I know I shouldn’t really be surprised by anything in the climate change debate, but I can’t help but be flabbergasted by the recent discussion about the supposed Arctic sea ice recovery. This started with an article by David Rose in the Mail on Sunday claiming that we’re heading for a period of Global cooling. This was then repeated in the Telegraph. This all appears to be based on the observation that the September Arctic sea ice extent this year (2013) is an increase of 60% on that of last year.
I know this has already been covered by Dana in the Guardian and by Sou over at HotWhopper, but I thought I would add my own two cents worth. Firstly, the claim that the Arctic sea ice has “recovered” because this September’s sea ice extent is a 60% increase on last year is absurb. Last year (2012) was an extreme low, so a 60% increase on that does not bring us back to levels similar to what they were prior to the start of the decline. Furthermore, this is a classic example of regression to the mean. The Arctic summer sea ice extent is not the same year on year. Natural variability means that sometimes it is lower than normal, while at other times it is higher. Consider the figure below. It shows the monthly Arctic sea ice extent anomalies (blue line) and a 12 month running mean. It’s clear that there has been a significant decline since the 1960s but there is still substantial variation. Furthermore, given that the scatter is around the running mean, if you have a particular low anomaly one year, you don’t expect another low the year after. Claiming that a 60% increase on the very low value last September is a “recovery” is absolute nonsense.
Furthermore, some have claimed that the sea ice extent now is the same as in 1971. The figure above only goes to 2010, but given that 2012 was a record low and 2013 is a 60% increase on that, this claim doesn’t appear true. There are, however, some quite low anomalies in the 1970s that appear similar to some more recent values. However, claiming that Arctic sea ice has recover because an extreme high today is similar to an extreme low from the 1970s is also absurd. Natural variation! What is also ignored (despite my attempts to get some to recognise this) is that all of this is based on sea icea area/extent. From an energetics perspective (i.e., how much energy is absorbed in melting Arctic sea ice) it’s the mass/volume that’s important. If you consider the figure below (which I got from Neven’s excellent Arctic Sea Ice Blog), the change in volume/mass is much greater than the change in area. Based on mass/volume it’s even harder to claim that there’s been a recovery (presumably why those who make this claim would rather focus on area than volume).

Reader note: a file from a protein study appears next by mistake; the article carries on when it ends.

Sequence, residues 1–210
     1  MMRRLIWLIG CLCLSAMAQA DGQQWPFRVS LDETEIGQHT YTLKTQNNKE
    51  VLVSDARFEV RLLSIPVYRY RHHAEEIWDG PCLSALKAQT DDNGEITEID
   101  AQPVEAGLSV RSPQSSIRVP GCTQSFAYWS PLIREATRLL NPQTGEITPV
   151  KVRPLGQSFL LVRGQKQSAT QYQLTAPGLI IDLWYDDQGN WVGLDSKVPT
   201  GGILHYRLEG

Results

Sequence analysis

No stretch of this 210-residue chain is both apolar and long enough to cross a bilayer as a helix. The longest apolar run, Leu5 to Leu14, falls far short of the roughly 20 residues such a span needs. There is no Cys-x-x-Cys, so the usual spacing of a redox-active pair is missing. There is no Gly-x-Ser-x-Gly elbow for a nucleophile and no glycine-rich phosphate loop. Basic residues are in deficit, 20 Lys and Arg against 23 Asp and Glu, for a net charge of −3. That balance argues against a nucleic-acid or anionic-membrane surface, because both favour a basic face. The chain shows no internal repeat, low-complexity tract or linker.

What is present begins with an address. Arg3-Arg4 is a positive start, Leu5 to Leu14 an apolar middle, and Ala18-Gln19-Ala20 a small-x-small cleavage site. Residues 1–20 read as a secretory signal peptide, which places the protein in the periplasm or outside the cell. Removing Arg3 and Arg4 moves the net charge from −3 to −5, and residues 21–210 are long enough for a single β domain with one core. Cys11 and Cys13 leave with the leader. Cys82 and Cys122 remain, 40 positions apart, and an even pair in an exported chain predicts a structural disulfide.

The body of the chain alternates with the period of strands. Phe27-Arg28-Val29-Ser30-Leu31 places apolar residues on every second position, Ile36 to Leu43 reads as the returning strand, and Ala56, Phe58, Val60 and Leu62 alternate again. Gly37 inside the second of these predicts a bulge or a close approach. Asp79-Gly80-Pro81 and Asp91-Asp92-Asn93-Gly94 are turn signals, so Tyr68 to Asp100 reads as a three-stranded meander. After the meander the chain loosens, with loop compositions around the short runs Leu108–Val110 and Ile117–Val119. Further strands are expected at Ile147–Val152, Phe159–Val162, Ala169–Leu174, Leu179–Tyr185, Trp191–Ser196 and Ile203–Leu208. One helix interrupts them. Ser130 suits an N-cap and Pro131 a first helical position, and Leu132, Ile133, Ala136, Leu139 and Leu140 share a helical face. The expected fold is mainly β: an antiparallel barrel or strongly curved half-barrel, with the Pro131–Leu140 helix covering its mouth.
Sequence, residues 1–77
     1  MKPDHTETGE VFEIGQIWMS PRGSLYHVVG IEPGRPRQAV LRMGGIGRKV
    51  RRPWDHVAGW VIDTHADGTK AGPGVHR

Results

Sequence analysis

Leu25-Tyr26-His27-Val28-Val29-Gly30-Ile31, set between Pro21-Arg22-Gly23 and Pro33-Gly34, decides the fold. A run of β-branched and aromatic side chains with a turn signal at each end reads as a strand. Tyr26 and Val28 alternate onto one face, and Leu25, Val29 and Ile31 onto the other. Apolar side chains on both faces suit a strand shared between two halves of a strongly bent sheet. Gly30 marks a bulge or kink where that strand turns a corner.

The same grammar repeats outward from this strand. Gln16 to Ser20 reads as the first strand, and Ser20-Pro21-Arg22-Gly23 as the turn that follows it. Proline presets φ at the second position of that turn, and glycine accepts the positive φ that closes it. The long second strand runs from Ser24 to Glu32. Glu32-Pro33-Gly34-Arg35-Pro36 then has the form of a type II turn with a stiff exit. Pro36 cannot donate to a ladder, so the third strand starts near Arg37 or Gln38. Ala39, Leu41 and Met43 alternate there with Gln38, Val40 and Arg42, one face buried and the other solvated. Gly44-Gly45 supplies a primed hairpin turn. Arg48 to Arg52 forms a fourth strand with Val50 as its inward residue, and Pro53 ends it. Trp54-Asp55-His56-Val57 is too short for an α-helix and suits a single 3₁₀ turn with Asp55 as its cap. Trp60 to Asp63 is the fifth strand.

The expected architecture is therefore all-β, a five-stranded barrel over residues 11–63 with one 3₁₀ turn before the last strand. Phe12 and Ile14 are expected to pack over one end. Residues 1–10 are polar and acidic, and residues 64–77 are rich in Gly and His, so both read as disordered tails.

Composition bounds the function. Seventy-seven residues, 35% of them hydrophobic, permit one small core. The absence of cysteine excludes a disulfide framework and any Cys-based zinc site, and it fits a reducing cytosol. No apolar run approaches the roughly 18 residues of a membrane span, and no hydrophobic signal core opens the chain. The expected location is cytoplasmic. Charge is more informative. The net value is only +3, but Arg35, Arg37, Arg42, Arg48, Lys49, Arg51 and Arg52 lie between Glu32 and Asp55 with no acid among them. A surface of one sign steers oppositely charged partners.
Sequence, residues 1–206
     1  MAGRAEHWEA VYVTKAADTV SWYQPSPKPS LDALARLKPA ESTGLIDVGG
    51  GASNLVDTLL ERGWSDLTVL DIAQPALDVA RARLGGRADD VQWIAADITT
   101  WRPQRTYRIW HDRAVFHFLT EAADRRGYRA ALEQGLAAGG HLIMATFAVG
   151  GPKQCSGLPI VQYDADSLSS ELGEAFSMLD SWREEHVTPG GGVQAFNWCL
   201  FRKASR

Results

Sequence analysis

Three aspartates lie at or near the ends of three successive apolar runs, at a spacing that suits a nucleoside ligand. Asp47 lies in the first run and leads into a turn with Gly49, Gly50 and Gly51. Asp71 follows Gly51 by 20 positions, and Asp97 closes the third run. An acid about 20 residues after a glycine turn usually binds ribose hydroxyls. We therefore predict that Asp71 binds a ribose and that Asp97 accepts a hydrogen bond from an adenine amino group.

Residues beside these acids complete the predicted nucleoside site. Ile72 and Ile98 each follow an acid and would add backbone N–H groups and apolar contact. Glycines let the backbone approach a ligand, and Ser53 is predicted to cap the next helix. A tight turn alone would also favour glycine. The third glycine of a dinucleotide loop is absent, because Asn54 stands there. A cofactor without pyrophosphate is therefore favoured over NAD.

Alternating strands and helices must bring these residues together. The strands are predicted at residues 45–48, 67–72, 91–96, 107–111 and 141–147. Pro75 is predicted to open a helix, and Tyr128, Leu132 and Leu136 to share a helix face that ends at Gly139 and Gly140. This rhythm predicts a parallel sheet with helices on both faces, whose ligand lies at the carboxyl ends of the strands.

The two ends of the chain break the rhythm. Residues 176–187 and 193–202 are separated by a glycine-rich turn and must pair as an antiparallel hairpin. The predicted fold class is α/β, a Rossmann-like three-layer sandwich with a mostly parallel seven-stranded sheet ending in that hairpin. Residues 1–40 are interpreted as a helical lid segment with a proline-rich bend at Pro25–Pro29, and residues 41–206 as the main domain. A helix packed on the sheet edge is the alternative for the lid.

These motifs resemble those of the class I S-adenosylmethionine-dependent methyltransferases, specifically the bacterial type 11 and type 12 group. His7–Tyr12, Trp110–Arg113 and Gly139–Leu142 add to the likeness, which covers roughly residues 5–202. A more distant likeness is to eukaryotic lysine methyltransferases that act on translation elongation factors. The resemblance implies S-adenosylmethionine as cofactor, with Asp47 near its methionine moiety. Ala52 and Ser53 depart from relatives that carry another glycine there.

Another claim is that even if Arctic sea ice is decreasing, Antarctic sea ice is increasing. People think that because they both have the same terms (sea ice) that they’re equivalent. Well, they’re not really. One immediate difference is that an increase in Antarctic sea ice doesn’t cancel the change in albedo due to decreased sea ice extent in the North (i.e., it’s winter in the South). Also, Antarctic sea ice tend to be thinner than Arctic sea ice (or at least this used to be true) and so even if the change in area is the same, the change in volume/mass probably isn’t, especially as the increased Antarctic sea ice will be in the northernmost portions of the region. There’s also natural variability, so an increased amount of Antarctic sea ice this year (or for the last couple of years) doesn’t make a trend. The figure below is from the National Snow and Ice Data Centre and shows that since 1978 there has been a modest positive trend (100000 km2 per decade) in Antarctic sea ice. This is 5 times smaller (in magnitude) than the Arctic sea trend (and that’s the trend in extent, not mass/volume). So, no, increases in Antarctic sea ice have not compensated for decreases in Arctic sea ice.
I don’t really know what else to say. No, the 60% increase in September sea ice this year on last year is not a recovery. No, the sea ice extent this year is not the same as in 1971. No, the increased Antarctic sea ice does not compensate for reduced Arctic sea ice. This is an example of an aspect of the debate that just makes me despair. How can anyone dispute the reduction in Arctic sea ice? It seems indisputable, but people still manage to do so. Is it ignorance? Is it deliberate? Is it unfounded optimism (I don’t really want it to be true either)? I really don’t know and I really don’t know how to deal with people who won’t accept the reality of Arctic sea ice decline.